Tuesday, November 14, 2006

"A wolf in sheep's clothing": divisive, isolationist and purpose-built to win the xenophobic vote at the next election

Eva Sallis of Australians Against Racism has issued the following warning about Howard's proposed citizenship test:

"The proposed citizenship test is to be debated soon. I have read the briefing paper put out by the government, and it is a sweet tongued piece, inviting agreement through age old tricks of rhetoric. It presents an earnest and benign government working for the good of all, and proposing to help those least supported, like refugees, towards the ultimate goal: being fruitful as citizens of Australia. The paper is so disarming, it has to be read in the context of contemporary social and media debates and the current government's policy history to make any sense of it.

All the problems of the paper are covert or unstated.

Many people are responding to it in detail, from the members of many communities who feel insulted by the retrospective illegitimacy to their belonging in Australia that it implies, to those concerned with its divisiveness for new communities settling in here, and the wedge it potentially drives between communities. This test will entrench scales of worthiness among citizens. Poor English will be used by the broader community to ostracise and vilify to a greater degree than it already is, given such a sanction.

With this editorial comment, I would like to draw attention to some longer term implications. I will put them bluntly, rather than arguing point by point with what I think is a dishonest and disingenuous document.

1. Can we prevent the test being used for cultural screening? I don't think we can, as I think that is its purpose. I think we all know that the test is devised to exclude, rather than, as the paper suggests, 'help', some applicants for citizenship. We can guess from Howard and the media's dog whistle what cultures of origin would be most often excluded. The pretense that this is not about people of Middle Eastern or Muslim origin is to me and I hope to many transparent nonsense.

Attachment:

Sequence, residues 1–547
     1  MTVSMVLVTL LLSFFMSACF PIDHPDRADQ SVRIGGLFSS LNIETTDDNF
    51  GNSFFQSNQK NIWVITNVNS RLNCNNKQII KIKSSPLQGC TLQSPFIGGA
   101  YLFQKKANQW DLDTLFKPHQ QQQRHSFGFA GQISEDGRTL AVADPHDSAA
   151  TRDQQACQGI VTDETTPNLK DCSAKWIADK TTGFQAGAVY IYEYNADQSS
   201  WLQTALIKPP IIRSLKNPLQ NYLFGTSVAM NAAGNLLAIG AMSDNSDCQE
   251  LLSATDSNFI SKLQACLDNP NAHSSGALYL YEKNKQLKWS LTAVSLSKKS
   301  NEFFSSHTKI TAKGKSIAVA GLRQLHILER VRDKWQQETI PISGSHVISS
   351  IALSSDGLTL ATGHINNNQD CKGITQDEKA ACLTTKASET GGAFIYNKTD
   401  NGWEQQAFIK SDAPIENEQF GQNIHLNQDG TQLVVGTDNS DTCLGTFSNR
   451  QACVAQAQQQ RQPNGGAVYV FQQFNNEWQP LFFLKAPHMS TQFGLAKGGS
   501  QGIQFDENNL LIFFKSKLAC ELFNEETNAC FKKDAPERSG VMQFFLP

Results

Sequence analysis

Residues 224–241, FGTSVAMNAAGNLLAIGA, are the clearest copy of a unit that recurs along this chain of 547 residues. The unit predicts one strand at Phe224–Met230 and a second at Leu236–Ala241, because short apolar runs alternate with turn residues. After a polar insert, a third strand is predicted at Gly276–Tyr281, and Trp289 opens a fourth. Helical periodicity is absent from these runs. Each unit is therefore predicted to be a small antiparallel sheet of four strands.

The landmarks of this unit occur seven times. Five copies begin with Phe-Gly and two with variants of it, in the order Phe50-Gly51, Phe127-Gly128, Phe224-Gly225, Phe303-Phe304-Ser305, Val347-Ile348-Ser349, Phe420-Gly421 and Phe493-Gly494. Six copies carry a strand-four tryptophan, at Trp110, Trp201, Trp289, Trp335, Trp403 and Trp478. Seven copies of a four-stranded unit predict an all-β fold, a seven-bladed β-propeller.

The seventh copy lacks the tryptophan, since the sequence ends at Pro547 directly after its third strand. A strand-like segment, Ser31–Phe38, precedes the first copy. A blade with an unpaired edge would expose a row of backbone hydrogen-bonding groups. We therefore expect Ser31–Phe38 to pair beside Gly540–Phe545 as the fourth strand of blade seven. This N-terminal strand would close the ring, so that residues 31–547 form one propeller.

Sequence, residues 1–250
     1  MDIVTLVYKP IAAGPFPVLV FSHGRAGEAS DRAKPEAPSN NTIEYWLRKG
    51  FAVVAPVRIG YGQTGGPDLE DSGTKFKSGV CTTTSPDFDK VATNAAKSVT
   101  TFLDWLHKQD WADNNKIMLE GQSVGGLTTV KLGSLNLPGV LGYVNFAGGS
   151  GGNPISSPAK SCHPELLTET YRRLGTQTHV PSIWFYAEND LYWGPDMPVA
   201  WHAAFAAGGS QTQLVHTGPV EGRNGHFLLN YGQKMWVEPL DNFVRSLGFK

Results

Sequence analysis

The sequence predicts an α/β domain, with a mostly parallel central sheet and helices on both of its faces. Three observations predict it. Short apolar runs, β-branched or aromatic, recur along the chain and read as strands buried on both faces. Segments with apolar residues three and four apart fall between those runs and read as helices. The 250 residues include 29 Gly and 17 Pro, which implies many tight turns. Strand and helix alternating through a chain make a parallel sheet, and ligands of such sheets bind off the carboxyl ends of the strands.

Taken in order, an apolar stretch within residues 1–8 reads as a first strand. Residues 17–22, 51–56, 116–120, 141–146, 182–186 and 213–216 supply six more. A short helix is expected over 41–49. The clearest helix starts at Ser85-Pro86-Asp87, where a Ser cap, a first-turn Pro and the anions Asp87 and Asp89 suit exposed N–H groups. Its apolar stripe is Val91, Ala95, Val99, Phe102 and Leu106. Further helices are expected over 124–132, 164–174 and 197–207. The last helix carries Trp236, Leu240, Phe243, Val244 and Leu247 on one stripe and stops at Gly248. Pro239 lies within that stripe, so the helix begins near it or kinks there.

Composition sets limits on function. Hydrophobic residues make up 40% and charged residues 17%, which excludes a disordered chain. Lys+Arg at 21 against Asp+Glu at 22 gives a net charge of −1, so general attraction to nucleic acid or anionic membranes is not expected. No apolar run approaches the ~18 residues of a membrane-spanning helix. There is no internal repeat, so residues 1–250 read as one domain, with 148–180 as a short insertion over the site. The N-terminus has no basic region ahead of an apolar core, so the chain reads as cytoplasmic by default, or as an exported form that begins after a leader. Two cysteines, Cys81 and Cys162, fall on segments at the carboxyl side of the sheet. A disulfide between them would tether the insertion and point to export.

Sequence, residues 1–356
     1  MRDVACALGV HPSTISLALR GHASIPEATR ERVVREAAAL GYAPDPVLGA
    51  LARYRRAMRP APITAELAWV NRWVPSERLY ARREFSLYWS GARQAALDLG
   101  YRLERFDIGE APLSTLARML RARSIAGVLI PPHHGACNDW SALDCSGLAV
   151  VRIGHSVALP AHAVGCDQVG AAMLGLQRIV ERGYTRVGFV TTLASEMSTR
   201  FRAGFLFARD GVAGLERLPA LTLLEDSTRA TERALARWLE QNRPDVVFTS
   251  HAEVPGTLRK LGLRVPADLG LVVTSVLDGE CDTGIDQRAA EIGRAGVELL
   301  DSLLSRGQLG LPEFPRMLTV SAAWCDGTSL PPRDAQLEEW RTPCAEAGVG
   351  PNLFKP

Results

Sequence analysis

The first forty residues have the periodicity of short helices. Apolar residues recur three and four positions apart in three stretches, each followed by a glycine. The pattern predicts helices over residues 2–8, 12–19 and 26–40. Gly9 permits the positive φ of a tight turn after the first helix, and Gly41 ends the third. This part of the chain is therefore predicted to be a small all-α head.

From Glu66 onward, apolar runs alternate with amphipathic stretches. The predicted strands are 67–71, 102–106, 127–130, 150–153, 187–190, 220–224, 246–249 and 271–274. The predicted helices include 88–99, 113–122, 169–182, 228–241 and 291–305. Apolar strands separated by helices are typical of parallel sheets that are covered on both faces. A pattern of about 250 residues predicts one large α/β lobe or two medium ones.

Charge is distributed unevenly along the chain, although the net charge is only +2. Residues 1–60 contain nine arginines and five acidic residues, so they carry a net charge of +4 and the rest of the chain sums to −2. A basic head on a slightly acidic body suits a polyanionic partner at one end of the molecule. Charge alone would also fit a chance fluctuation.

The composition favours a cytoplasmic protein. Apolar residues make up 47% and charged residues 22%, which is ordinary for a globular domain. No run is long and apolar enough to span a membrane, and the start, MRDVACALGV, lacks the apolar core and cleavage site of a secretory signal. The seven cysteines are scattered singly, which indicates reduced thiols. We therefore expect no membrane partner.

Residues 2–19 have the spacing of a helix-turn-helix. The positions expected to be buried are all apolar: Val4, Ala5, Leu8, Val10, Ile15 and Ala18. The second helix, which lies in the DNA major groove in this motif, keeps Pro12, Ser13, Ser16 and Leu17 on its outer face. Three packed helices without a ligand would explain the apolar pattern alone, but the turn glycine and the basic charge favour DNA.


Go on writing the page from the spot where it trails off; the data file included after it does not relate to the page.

2. I think DIMA’s record as a reliable and responsible government department must be taken into account. DIMA or an offshoot of DIMA would devise and administer the test. Why would any of us expect DIMA employees to administer the test without taking unwritten policies into account? Given what we know of DIMA's actions in the past, why should we expect better when they are to be unscrutinised gatekeepers able to exclude precisely the people they wish to exclude, and have spent billions on excluding over the past seven years?

3. The longterm effects of screening out particular cultures, if you accept that this is a possible effect of the test, must be considered. If the refusal rate for people of Middle Eastern and or Muslim origin is high, (which I believe is the intention) the long term implications for the Middle Eastern and Muslim communities in Australia and for all Australians are terrible. Think about a growing ghetto of people with no citizenship rights, deportable at the discretion of the Minister. This is of course what the government wants: containment of all to control the imagined possible terrorists. But this is an appalling way to think about a community, and spectacularly damaging.

Think about it: Such containment would ruin the relationships between our communities. Such containment would generate fear, uncertainty and anger in the Australian Middle Eastern communities, citizen and non citizen alike. Such containment would endorse every prejudice in the broader community, peddling fear between peoples with far reaching consequences. This is a way to generate violence, and will not 'help' anybody.

Remember that the detention centres were acceptable to many ordinary people on the argument that the government wouldn't do such a thing to people if it didn't know they were dangerous: the argument that we were being 'protected' from detainees - who, it turned out, were simply very traumatised men women and children.

Far from 'helping' Australians be better citizens, this proposed test could signal the end of an Australia that is unique and precious, in which the members of our many communities have equal rights and value before the law.

Finally, I would like to remind the Australian Government that its arrogance about the English language is cause for dismay to our many communities. We are a multilingual land and the richer for it. English is not Australia's first language, and all Aboriginal and Torres Strait islander elders who speak their mother tongue fluently and as their primary language are true, living, national treasures."

I can confirm the Howard Government does not deserve the trust the community places in it to do the right thing in our name. It has given up any right to that presumption a long time ago. Concerned citizens need to constantly make their voices heard over the shrill hectoring of Howard apologists and hate jockeys. The US mid-term elections reveal that low rent political machines can be derailed by public scrutiny.

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